Tropical Storm Imelda landed on the Texas Gulf Coast on September 17, 2019. Over the three-day duration of the storm, 43 inches of rain saturated some locations, with nearly 30 inches falling over a 12-hour period. Some areas got hit with five inches of rain per hour, meteorologically making it a 1-in-1000-year rainfall event (Gizmodo, September 19, 2019). On average, southeast Texas sees 63 inches of rain a year (New York Times, September 20, 2019).
Imelda clearly illustrates the relentless changes taking place with respect to the peril of flood. This unique storm was initially identified as a thunderstorm, and then quickly intensified into a tropical depression. Within hours of receiving that designation, the system rapidly transformed into a tropical storm, and then made landfall 15 minutes later.
Storms that reach such an intensity in nearly the blink of an eye compromise the ability to forecast, plan and communicate. Those limitations, in turn, leave property owners exposed and limit their ability to properly prepare for the event. The speed at which Imelda intensified caught many by surprise.
Imelda is the story about how we can’t know everything.
Rather than leave the fate of our homes to chance, we can heed the valuable lessons Imelda taught. While Aon Edge saw fewer claims than the NFIP, we quickly mobilized our catastrophe response team. With that team assembled and helping coordinate the dispatch of adjusters, we were better positioned to deliver critical communications to our agents, business partners and stakeholders. As a result, 61% of those claims closed in less than a month and a half after the event.
According to the Federal Emergency Management Agency (FEMA), the federal government received 10,600 flood insurance claims from Imelda, with an average claim cost of $54,000, easily a multi-million dollar event. The effects of this significant event continue to develop and efforts remain underway to assess the full insured and economic losses.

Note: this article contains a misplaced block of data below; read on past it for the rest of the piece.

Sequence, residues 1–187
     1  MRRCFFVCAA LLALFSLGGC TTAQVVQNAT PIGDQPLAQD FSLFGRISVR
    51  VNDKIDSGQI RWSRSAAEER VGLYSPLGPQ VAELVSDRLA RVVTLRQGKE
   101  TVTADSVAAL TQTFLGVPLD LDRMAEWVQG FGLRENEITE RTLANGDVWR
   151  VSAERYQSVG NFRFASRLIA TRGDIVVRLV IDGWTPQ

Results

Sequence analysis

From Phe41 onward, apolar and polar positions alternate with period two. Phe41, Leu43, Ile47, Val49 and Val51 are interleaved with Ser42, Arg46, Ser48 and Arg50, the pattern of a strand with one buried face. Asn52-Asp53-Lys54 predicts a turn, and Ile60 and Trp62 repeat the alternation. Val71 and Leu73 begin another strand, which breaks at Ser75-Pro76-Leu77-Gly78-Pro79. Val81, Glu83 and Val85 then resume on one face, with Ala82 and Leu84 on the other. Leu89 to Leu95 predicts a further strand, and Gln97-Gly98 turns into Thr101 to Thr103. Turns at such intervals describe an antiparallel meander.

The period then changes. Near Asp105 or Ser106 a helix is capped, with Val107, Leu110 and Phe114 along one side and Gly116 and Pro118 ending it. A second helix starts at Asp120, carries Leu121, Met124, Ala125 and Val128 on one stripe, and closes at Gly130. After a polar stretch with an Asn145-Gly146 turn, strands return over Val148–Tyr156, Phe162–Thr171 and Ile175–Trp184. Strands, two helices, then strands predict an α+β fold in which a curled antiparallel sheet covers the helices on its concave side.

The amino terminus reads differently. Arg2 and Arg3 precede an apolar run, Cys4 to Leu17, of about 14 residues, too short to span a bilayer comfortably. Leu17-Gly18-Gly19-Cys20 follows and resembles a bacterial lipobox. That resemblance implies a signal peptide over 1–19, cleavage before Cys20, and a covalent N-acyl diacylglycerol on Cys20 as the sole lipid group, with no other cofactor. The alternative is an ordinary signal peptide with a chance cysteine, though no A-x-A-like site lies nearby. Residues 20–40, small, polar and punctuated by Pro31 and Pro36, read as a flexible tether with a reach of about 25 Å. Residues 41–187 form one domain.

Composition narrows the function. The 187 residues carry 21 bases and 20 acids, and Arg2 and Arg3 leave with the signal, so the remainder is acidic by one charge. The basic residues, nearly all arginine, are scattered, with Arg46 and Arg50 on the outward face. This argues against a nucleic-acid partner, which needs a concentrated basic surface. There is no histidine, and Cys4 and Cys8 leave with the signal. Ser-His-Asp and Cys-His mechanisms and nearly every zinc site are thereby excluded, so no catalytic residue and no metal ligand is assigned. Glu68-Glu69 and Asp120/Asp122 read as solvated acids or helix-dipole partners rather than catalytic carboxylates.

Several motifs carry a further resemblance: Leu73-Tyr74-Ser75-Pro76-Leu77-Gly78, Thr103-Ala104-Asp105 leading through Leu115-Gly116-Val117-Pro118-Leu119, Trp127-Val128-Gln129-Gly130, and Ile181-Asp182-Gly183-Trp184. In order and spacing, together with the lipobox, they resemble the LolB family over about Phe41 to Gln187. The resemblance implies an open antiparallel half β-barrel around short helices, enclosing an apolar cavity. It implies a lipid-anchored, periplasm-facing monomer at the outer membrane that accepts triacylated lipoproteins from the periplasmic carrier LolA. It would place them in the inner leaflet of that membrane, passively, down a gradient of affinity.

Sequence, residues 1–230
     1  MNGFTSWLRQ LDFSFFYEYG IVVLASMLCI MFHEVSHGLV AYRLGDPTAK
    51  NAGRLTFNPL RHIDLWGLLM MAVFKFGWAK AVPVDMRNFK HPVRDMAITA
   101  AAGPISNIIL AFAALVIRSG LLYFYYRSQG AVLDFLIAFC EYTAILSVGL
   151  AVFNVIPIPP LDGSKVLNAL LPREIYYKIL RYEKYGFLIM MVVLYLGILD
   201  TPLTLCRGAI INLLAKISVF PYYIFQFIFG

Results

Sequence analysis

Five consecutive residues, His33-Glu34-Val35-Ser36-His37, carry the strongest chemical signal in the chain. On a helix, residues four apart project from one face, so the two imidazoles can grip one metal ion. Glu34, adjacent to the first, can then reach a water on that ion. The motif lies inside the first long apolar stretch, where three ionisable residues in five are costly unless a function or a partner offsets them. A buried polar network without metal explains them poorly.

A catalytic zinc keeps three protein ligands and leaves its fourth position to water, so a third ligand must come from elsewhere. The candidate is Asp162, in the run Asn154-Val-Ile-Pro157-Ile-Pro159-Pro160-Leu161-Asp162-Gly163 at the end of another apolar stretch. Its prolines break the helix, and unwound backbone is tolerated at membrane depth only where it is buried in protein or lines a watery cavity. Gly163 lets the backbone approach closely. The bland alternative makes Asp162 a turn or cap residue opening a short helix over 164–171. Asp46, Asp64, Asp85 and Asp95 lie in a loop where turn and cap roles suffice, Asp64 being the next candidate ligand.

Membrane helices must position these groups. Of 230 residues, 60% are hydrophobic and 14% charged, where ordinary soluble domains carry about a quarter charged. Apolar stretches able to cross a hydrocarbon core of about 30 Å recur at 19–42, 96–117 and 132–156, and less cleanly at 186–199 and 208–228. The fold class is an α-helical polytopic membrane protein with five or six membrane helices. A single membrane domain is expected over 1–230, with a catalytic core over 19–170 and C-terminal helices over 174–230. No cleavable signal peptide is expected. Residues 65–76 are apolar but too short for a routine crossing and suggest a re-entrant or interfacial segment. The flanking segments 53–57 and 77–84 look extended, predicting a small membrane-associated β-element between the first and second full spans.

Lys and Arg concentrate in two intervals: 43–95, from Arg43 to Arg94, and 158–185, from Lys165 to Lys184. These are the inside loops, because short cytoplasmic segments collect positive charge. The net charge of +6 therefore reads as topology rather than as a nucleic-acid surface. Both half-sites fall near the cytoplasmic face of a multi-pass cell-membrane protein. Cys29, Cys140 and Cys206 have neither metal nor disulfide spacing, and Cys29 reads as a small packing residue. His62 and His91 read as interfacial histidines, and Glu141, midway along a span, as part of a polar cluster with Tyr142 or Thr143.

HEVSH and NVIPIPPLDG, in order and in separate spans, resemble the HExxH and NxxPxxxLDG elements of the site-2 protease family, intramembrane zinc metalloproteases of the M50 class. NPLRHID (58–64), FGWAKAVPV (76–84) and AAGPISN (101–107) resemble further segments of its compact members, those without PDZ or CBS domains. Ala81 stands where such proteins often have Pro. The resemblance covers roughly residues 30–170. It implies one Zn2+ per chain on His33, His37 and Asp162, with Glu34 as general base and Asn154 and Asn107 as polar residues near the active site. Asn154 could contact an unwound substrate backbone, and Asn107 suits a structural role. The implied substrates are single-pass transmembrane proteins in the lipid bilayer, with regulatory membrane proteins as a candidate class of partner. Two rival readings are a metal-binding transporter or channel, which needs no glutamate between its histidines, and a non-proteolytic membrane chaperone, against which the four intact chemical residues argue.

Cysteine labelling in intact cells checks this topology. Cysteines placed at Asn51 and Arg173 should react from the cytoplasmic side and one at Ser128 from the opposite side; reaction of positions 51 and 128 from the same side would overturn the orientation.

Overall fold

The takeaway here is we can’t foresee every risk. We can’t foresee every type of event or catastrophe. Natural catastrophes are, by definition, volatile, unpredictable and impactful.
Yet when it comes time to purchase flood insurance, we don’t think about volatility.
People don’t think about the outlier event. We only think, did the property flood yesterday? Have my neighbors ever seen a flood? When answered no, the value of insurance diminishes and people make the decision, whether intentional or not, to assume risk.
Even though the area hit by Imelda was only a few miles away from Harvey’s devastation, a stunning 79% of the homes in the six counties affected by Imelda were uninsured, according to FEMA. Slightly different geography, but same story. You have a Houston address and witnessed Harvey. Why aren’t you insured today?
For flood insurance to work for people, they need to have flood insurance.
Today, most people purchase flood insurance only when required to do so by their mortgage company. These mortgage requirements operate as a function of the flood insurance rate maps published by FEMA. Those maps excluded much of the geography flooded by Tropical Storm Imelda from the mandatory purchase of flood insurance. Solely relying on flood insurance rate maps can lead to disaster and hardship, which is why 79% of the people affected by Imelda didn’t carry flood insurance.
Recent reforms on both the federal and state level have slowly chipped away at the margins of our flood insurance program, but the gap between homes exposed to flood and those insured against flood remains large. We need to change the way we think about flood insurance in this country. Until we do, the stories of Harvey, Imelda and any of the flooding events from the last decade will repeat and families will be once again left to pick up the pieces.
Imelda, like other weather events in 2019, taught us three things:
- Weather remains unpredictable and ever changing
- We continue to see a gap between insured and exposed property
- Floods continue to disrupt lives
In order to better protect our homes and communities against the effects of extreme and unpredictable weather events like Imelda we must maximize the reach of flood insurance that works for the lifestyle of every property owner.
Photo: Sargent, Texas, Sept. 18, 2019. (Mark Mulligan/Houston Chronicle via AP)
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